The 5K trail race on Friday night is not chipped time. It starts in the grass on the side of one of the roads in the park where all the events start and finish, runs across the sand on the beach of the lake, and then heads into the wooded trails. The event organizers do a good job of marking the trail with colored banners and have spray painted the roots in the path with the same color paint making it easy to follow the course. This was particularly helpful as I ran alone this year and tend to get lost easily. The lead pack of runners took off and I lost them pretty quickly after entering the woods but I was still ahead enough of the runners behind me that I was alone for a good portion of the course. The trails are beautiful in this part of the state and there are definitely some good hills that left me pretty breathless going up them. There was one water stop on the course and several volunteers at places on the course where someone may make a wrong turn. The only negative thing is that the course is not truly a 5K (this was the same last year) and my watch states it was 2.78 miles but being out in a park in the woods it is also possible that my Garmin’s measurement of the distance was not accurate as well. I only stumbled once on the course and was able to catch myself (all the core work I’m doing!) without falling! Zero falls on a trail run is a pretty good day for me, but then as I was sitting recovering and chatting with Mr Noel, I heard my name called as the 3rd place finisher in my age group! That was definitely a pleasant surprise!!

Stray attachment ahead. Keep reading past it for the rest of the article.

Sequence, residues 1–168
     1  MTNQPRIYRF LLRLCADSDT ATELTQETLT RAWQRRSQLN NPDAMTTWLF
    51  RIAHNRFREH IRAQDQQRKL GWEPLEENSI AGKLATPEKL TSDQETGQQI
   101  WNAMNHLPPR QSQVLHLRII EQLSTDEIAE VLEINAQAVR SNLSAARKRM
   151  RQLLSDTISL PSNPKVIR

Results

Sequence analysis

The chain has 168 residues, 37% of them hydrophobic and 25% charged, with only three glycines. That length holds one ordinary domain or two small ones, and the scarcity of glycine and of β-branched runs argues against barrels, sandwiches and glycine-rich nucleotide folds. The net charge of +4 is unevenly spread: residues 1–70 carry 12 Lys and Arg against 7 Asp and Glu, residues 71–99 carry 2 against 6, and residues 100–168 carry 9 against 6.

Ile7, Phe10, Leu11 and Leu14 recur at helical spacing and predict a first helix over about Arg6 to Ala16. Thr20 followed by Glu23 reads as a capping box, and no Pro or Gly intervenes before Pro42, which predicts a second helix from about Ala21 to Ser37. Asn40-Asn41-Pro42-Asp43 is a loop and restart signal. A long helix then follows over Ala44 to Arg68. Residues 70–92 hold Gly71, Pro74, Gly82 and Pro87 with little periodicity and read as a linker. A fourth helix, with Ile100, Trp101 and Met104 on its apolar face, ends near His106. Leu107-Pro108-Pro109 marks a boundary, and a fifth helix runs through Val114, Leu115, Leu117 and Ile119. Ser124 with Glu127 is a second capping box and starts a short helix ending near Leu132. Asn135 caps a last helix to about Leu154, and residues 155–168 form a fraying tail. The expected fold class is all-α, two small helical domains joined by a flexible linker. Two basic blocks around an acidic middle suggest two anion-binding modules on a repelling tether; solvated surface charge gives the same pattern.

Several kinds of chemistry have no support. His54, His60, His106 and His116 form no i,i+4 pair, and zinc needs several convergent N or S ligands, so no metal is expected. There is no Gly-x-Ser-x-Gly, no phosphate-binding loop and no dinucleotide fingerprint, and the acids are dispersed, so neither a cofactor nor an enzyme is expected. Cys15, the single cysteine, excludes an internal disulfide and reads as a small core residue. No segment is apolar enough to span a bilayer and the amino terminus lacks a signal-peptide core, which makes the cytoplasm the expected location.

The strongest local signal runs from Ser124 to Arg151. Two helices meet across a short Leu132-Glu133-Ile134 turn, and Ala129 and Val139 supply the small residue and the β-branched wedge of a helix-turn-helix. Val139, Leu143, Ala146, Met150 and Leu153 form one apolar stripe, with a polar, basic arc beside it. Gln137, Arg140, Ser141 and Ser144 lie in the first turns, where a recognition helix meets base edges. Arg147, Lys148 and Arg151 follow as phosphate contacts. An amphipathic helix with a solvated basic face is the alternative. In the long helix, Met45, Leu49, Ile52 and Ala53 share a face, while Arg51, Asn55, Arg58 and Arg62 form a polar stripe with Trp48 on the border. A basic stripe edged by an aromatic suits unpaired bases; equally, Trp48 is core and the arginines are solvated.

Then it was back to the hotel for swimming, dinner and bed as Saturday’s wake up call was going to be early. (Little did we know how early as our son had his watch alarm set for 4:30 am which happened to be 3:30 am in a different time zone, but that’s a story for another time) The start line of the half marathon is on the street that turns into the park and offers beautiful views of a Pine Lake (and it was gorgeous watching the sun come up!). The route is marked by signs and coordinating colors by race. It was announced several times that the half marathoners were the ORANGE route but honestly there was adequate signage and so many volunteers that I never needed to rely on the colored markers on the street, although I did see them!